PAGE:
Lara v. Commissioner of Social Security

Filing 23

ORDER signed by Magistrate Judge Deborah Barnes on 10/17/2017 GRANTING 21 Motion for Attorney Fees. Plaintiff is awarded $8,946.43 in attorney fees. Defendant is directed to determine whether plaintiffs EAJA attorneys fees are subject to any offset permitted under the United States Department of the Treasurys Offset Program and, if the fees are not subject to an offset, shall cause payment of fees to be made directly to plaintiff. (Hunt, G)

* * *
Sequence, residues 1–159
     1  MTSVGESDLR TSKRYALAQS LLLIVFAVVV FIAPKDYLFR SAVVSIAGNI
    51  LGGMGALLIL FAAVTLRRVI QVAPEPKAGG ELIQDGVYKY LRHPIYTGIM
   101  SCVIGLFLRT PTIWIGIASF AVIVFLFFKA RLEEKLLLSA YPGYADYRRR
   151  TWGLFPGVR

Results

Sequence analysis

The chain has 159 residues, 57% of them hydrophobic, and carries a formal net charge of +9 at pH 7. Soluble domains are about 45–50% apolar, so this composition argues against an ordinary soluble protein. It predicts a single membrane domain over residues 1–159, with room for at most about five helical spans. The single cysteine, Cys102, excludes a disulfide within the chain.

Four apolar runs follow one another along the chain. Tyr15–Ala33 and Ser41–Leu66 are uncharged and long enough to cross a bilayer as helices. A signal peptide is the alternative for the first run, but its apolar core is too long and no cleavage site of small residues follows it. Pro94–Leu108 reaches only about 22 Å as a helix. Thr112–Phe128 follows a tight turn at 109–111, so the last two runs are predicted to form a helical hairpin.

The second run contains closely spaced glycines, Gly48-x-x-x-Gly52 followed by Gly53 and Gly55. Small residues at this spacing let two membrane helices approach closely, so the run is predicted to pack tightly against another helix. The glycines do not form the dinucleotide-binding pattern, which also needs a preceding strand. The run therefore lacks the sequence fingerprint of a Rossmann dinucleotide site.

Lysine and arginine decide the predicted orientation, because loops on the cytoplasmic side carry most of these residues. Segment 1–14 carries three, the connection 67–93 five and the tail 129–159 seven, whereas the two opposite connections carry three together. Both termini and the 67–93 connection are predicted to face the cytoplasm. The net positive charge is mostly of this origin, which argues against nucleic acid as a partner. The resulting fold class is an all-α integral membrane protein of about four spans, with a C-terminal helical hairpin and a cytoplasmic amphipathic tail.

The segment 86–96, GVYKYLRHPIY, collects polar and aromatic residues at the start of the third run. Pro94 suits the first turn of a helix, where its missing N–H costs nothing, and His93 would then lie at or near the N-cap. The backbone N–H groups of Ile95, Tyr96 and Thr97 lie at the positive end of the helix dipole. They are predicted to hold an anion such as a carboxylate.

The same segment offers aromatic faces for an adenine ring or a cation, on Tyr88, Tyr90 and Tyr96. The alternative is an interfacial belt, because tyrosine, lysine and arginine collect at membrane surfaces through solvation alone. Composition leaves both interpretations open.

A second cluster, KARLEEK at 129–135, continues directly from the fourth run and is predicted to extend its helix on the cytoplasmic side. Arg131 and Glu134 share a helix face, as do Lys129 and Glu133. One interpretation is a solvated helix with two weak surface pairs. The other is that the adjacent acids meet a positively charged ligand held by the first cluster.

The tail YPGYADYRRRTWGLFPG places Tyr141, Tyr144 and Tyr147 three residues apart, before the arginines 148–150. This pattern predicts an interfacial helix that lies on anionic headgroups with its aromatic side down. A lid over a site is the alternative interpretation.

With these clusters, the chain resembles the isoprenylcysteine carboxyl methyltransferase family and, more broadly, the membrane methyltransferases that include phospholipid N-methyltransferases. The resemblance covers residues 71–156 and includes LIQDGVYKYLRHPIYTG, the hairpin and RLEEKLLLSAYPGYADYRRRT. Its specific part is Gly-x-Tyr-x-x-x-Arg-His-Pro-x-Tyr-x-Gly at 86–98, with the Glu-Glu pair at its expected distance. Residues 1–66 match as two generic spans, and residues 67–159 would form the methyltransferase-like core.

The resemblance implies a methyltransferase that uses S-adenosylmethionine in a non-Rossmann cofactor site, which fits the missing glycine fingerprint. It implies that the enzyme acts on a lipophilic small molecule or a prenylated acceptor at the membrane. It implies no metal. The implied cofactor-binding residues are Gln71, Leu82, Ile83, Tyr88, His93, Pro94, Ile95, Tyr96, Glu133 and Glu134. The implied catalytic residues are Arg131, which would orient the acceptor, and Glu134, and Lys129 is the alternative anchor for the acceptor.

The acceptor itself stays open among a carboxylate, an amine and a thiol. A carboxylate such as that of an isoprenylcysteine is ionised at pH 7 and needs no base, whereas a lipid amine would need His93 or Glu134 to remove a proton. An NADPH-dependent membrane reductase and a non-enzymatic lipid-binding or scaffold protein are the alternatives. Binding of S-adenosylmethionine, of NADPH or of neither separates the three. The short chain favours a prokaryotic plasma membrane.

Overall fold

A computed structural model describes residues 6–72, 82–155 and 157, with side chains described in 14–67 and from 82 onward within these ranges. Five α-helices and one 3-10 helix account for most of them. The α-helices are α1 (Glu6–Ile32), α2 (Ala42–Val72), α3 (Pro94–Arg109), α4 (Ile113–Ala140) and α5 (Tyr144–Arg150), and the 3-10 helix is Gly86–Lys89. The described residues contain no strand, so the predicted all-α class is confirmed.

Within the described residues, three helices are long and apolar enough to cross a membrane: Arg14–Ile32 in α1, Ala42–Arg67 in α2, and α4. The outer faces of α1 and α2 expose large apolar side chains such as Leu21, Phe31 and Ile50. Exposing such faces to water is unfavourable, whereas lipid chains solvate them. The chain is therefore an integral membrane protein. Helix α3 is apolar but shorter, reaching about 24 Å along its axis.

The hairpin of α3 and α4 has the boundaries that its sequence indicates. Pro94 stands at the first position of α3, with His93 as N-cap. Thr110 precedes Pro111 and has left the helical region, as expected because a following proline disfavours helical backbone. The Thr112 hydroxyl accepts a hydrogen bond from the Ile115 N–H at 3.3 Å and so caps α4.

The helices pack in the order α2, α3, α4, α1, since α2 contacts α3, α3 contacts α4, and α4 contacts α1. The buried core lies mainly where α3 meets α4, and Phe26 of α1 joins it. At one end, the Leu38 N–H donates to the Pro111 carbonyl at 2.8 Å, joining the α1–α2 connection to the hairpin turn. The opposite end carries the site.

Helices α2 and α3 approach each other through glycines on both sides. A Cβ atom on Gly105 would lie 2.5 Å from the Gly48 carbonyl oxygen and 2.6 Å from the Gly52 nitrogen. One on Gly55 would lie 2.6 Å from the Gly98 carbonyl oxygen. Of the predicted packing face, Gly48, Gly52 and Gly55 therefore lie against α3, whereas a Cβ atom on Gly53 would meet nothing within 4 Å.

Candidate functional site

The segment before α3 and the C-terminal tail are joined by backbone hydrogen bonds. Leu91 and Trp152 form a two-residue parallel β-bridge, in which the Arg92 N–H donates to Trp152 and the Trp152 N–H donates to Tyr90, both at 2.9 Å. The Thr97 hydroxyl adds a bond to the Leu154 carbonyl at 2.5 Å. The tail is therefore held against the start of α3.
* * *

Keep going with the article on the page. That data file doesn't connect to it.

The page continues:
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1 2 3 4 5 6 7 8 UNITED STATES DISTRICT COURT 9 FOR THE EASTERN DISTRICT OF CALIFORNIA 10 11 BRUNILDA LARA, 12 Plaintiff, 13 14 15 No. 2:16-cv-0034 DB v. ORDER NANCY A. BERRYHILL, Acting Commissioner of Social Security, 16 Defendant. 17 This matter is before the court on plaintiff’s unopposed motion for attorney’s fees 18 19 pursuant to the Equal Access to Justice Act (“EAJA”).1 20 Plaintiff brought this action seeking judicial review of a final administrative decision 21 denying plaintiff’s applications for Disability Insurance Benefits under Title II of the Social 22 Security Act (“the Act”) and for Supplemental Security Income under Title XVI of the Act. On 23 March 30, 2017, following the filing of a motion for summary judgment by plaintiff and a cross- 24 motion for summary judgment by defendant, the court granted plaintiff’s motion in part, reversed 25 the decision of the Commissioner, and remanded this action for further proceedings. (ECF No. 26 19.) 27 1 28 Both parties have previously consented to Magistrate Judge jurisdiction in this action pursuant to 28 U.S.C. § 636(c). (See ECF Nos. 7 & 8.) 1 On June 28, 2017, plaintiff filed the pending motion for attorney’s fees. (ECF No. 21.) 1 2 Defendant has not filed an opposition to plaintiff’s motion. 3 STANDARDS 4 The EAJA provides that “a court shall award to a prevailing party . . . fees and other 5 expenses . . . incurred by that party in any civil action . . . brought by or against the United States 6 . . . unless the court finds that the position of the United States was substantially justified or that 7 special circumstances make an award unjust.” 28 U.S.C. § 2412(d)(1)(A); see also Gisbrecht v. 8 Barnhart, 535 U.S. 789, 796 (2002). “It is the government’s burden to show that its position was 9 substantially justified or that special circumstances exist to make an award unjust.” Gutierrez v. 10 Barnhart, 274 F.3d 1255, 1258 (9th Cir. 2001). A “party” under the EAJA is defined as including “an individual whose net worth did not 11 12 exceed $2,000,000 at the time the civil action was filed[.]” 28 U.S.C. § 2412(d)(2)(B)(i). The 13 term “fees and other expenses” includes “reasonable attorney fees.” 28 U.S.C. § 2412(d)(2)(A). 14 “The statute explicitly permits the court, in its discretion, to reduce the amount awarded to the 15 prevailing party to the extent that the party ‘unduly and unreasonably protracted’ the final 16 resolution of the case.” Atkins v. Apfel, 154 F.3d 986, 987 (9th Cir. 1998) (citing 28 U.S.C. §§ 17 2412(d)(1)(C) & 2412(d)(2)(D)). 18 A party who obtains a remand in a Social Security case is a prevailing party for purposes 19 of the EAJA. Shalala v. Schaefer, 509 U.S. 292, 300-01 (1993) (“No holding of this Court has 20 ever denied prevailing-party status . . . to a plaintiff who won a remand order pursuant to sentence 21 four of § 405(g) . . . , which terminates the litigation with victory for the plaintiff.”). “An 22 applicant for disability benefits becomes a prevailing party for the purposes of the EAJA if the 23 denial of her benefits is reversed and remanded regardless of whether disability benefits 24 ultimately are awarded.” Gutierrez, 274 F.3d at 1257. 25 //// 26 //// 27 //// 28 //// 2 1 ANALYSIS 2 Here, the court finds that plaintiff is the prevailing party, that plaintiff did not unduly 3 delay this litigation, and that plaintiff’s net worth did not exceed two million dollars when this 4 action was filed. (ECF No. 2.) Moreover, the court finds that the position of the United States 5 was not substantially justified. 6 A. Substantial Justification 7 “Substantial justification means ‘justified in substance or in the main—that is, justified to 8 a degree that could satisfy a reasonable person.’” Tobeler v. Colvin, 749 F.3d 830, 832 (9th Cir. 9 2014) (quoting Meier v. Colvin, 727 F.3d 867, 870 (9th Cir. 2013)). “Put differently, the 10 government’s position must have a ‘reasonable basis both in law and fact.’” Meier, 727 F.3d at 11 870 (quoting Pierce v. Underwood, 487 U.S. 552, 565 (1988)). “‘[T]he position of the United 12 States includes both the government’s litigation position and the underlying agency action.’” 13 Campbell v. Astrue, 736 F.3d 867, 868 (9th Cir. 2013) (quoting Meier, 727 F.3d at 870); see also 14 Shafer v. Astrue, 518 F.3d 1067, 1071 (9th Cir. 2008) (“the relevant question is whether the 15 government’s decision to defend on appeal the procedural errors committed by the ALJ was 16 substantially justified”). “In determining whether a party is eligible for fees under EAJA, the 17 district court must determine whether the government’s position regarding the specific issue on 18 which the district court based its remand was ‘substantially justified’—not whether the ALJ 19 would ultimately deny disability benefits.” Gardner v. Berryhill, 856 F.3d 652, 656 (9th Cir. 20 2017). 21 As articulated in the March 30, 2017 order, the Administrative Law Judge erred at step 22 two of the sequential evaluation by finding that plaintiff’s fibromyalgia was not a severe 23 impairment and by improperly rejecting a medical opinion. (ECF No. 19.) Moreover, the 24 government has failed to argue that its position was substantially justified. Accordingly, the court 25 cannot find that the government’s position had a reasonable basis in law and fact. Plaintiff’s Fee Request 26 B. 27 The EAJA expressly provides for an award of “reasonable” attorney fees. 28 U.S.C. § 28 2412(d)(2)A). Under the EAJA, hourly rates for attorney fees have been capped at $125.00 since 3 1 1996, but district courts are permitted to adjust the rate to compensate for an increase in the cost 2 of living.2 See 28 U.S.C. § 2412(d)(2)(A); Sorenson v. Mink, 239 F.3d 1140, 1147-49 (9th Cir. 3 2001); Atkins v. Apfel, 154 F.3d 986, 987 (9th Cir. 1998). Determining a reasonable fee 4 “‘requires more inquiry by a district court than finding the product of reasonable hours times a 5 reasonable rate.’” Atkins, 154 F.3d at 988 (quoting Hensley v. Eckerhart, 461 U.S. 424, 434 6 (1983) (internal citations omitted)). The district court must consider “‘the relationship between 7 the amount of the fee awarded and the results obtained.’” Id. at 989 (quoting Hensley, 461 U.S. 8 at 437). 9 Here, after drafting a thorough motion for summary judgment, and opposition to 10 defendant’s motion for summary judgment, plaintiff successfully obtained a remand for further 11 proceedings. Including the time spent on briefing the EAJA motion, plaintiff’s motion seeks 12 compensation for 33.2 hours of attorney time. (ECF No. 21-1.) The court finds the amount of 13 hours expended to be reasonable, especially when compared to the time devoted to similar tasks 14 by counsel in like social security appeals coming before this court. See Stamper v. Colvin, No. 15 2:12-cv-0192 AC, 2013 WL 6839691, at *2 (E.D. Cal. Dec. 23, 2013) (finding 51 hours to be a 16 reasonable amount of time); Boulanger v. Astrue, No. CIV S-07-0849 DAD, 2011 WL 4971890, 17 at *2 (E.D. Cal. Oct. 19, 2011) (finding 58 hours to be a reasonable amount of time); Watkins v. 18 Astrue, No. CIV S-06-1895 DAD, 2011 WL 4889190, at *2 (E.D. Cal. Oct. 13, 2011) (finding 62 19 hours to be a reasonable amount of time); Vallejo v. Astrue, No. 2:09-cv-03088 KJN, 2011 WL 20 4383636, at *5 (E.D. Cal. Sept. 20, 2011) (finding 62.1 hours to be a reasonable amount of time); 21 see also Costa v. Commissioner of Social Sec. Admin., 690 F.3d 1132, 1137 (9th Cir. 2012) 22 (“District courts may not apply de facto caps limiting the number of hours attorneys can 23 reasonably expend on ‘routine’ social security cases.”). See generally Moreno v. City of 24 Sacramento, 534 F.3d 1106, 1112 (9th Cir. 2008) (“By and large, the court should defer to the 25 26 27 28 2 In accordance with the decision in Thangaraja v. Gonzales, 428 F.3d 870, 876-77 (9th Cir. 2005), and Ninth Circuit Rule 39-1.6, the Ninth Circuit Court of Appeals maintains a list of the statutory maximum hourly rates authorized by the EAJA, as adjusted annually. The rates may be found on the Court’s website. See Here, plaintiff’s requested attorney rate is equal to, or lower than, the statutory maximum rates established by the Ninth Circuit. (ECF No. 21 at 10.) 4 1 winning lawyer’s professional judgment as to how much time he was required to spend on the 2 case; after all, he won, and might not have, had he been more of a slacker.”). 3 Accordingly, after carefully reviewing the record and the pending motion, the court 4 declines to conduct a line-by-line analysis of counsel’s billing entries. See, e.g., Stewart v. 5 Sullivan, 810 F. Supp. 1102, 1107 (D. Haw. 1993); Knowles v. Colvin, Case No. 1:14-cv-1657- 6 SKO, 2016 WL 3407594, at *3 (E.D. Cal. June 20, 2016); Duran v. Colvin, No. 2:11-cv-2978 7 DAD, 2013 WL 5673415, at *2 (E.D. Cal. Oct. 17, 2013); Vallejo v. Astrue, No. 2:09-cv-03088 8 KJN, 2011 WL 4383636, at *4 (E.D. Cal. Sept. 20, 2011); Destefano v. Astrue, No. 05-CV-3534, 9 2008 WL 623197, *4 (E.D. N.Y. Mar. 4, 2008). Plaintiff’s motion also seeks compensation for 25.5 hours of paralegal time at a rate of 10 11 $130 per hour. (ECF No. 21 at 6.) “[A] prevailing party that satisfies EAJA’s other requirements 12 may recover its paralegal fees from the Government at prevailing market rates.” Richlin Sec. 13 Service Co. v. Chertoff, 553 U.S. 571, 590 (2008). The court finds that the prevailing market rate 14 for work performed by paralegals in this district is $100 per hour. See Pointer v. Bank of 15 America, N.A., No. 2:14-cv-0525 KJM CKD, 2016 WL 7404759, at *17 (E.D. Cal. Dec. 21, 16 2016) (finding reasonable rate of $75 per hour for paralegals); McCarty v. Humphrey, No. 2:13- 17 cv-0431 KJM AC, 2016 WL 4899194, at *5 (E.D. Cal. Sept. 15, 2016) (awarding paralegal rates 18 of $85 and $100 per hour); Joe Hand Promotions, Inc. v. Albright, No. CIV. 2:11-2260 WBS 19 CMK, 2013 WL 4094403, at *3 (E.D. Cal. Aug. 13, 2013) (“According to the court’s own 20 research, the paralegal rate favored in this district is $75 per hour.”). 21 22 Accordingly, plaintiff will be awarded 25.5 hours of paralegal time, at a rate of $100 per hour.3 23 C. Fee Award 24 Plaintiff asks that “the Commissioner be directed to deliver such payment to counsel for 25 plaintiff payable as directed within 65 days of the entry of the Court’s order.” (Pl.’s Mot. (ECF 26 No. 21) at 8.) However, an attorney fee award under the EAJA is payable to the litigant and is 27 3 28 This equates to a reduction of $765 to plaintiff’s requested $9,711.43, resulting in an amended total award of $8,946.43. 5 1 therefore subject to a government offset to satisfy any pre-existing debt owed to the United States 2 by the claimant.4 Astrue v. Ratliff, 560 U.S. 586, 592-93 (2010). 3 CONCLUSION 4 Accordingly, IT IS HEREBY ORDERED that: 5 1. Plaintiff’s motion for attorney fees under the Equal Access to Justice Act (ECF No. 21) 6 is granted as modified above; 7 2. Plaintiff is awarded $8,946.43 in attorney fees under 28 U.S.C. § 2412(d); and 8 3. Defendant is directed to determine whether plaintiff’s EAJA attorney’s fees are subject 9 to any offset permitted under the United States Department of the Treasury’s Offset Program and, 10 if the fees are not subject to an offset, shall cause payment of fees to be made directly to plaintiff. 11 Dated: October 17, 2017 12 13 14 15 16 17 18 19 20 21 22 23 24 25 DLB:6 DB\orders\orders.soc sec\lara0034.eaja.ord 26 27 4 28 Plaintiff has not requested that the attorney’s fees be made payable to plaintiff’s counsel. Nor has plaintiff provided evidence of an assignment of plaintiff’s attorney fees to plaintiff’s counsel. 6